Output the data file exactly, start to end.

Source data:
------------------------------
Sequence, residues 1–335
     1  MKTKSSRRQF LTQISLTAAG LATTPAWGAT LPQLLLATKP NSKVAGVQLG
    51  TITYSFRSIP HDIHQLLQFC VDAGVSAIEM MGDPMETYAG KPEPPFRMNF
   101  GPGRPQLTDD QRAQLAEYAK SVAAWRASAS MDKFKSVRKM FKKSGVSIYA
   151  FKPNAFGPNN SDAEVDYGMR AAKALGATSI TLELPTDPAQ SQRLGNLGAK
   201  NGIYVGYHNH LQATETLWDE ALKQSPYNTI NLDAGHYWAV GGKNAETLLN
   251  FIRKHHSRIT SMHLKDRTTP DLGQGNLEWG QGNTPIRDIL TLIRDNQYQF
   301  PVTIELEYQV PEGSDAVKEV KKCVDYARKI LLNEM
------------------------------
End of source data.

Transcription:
Sequence, residues 1–335
     1  MKTKSSRRQF LTQISLTAAG LATTPAWGAT LPQLLLATKP NSKVAGVQLG
    51  TITYSFRSIP HDIHQLLQFC VDAGVSAIEM MGDPMETYAG KPEPPFRMNF
   101  GPGRPQLTDD QRAQLAEYAK SVAAWRASAS MDKFKSVRKM FKKSGVSIYA
   151  FKPNAFGPNN SDAEVDYGMR AAKALGATSI TLELPTDPAQ SQRLGNLGAK
   201  NGIYVGYHNH LQATETLWDE ALKQSPYNTI NLDAGHYWAV GGKNAETLLN
   251  FIRKHHSRIT SMHLKDRTTP DLGQGNLEWG QGNTPIRDIL TLIRDNQYQF
   301  PVTIELEYQV PEGSDAVKEV KKCVDYARKI LLNEM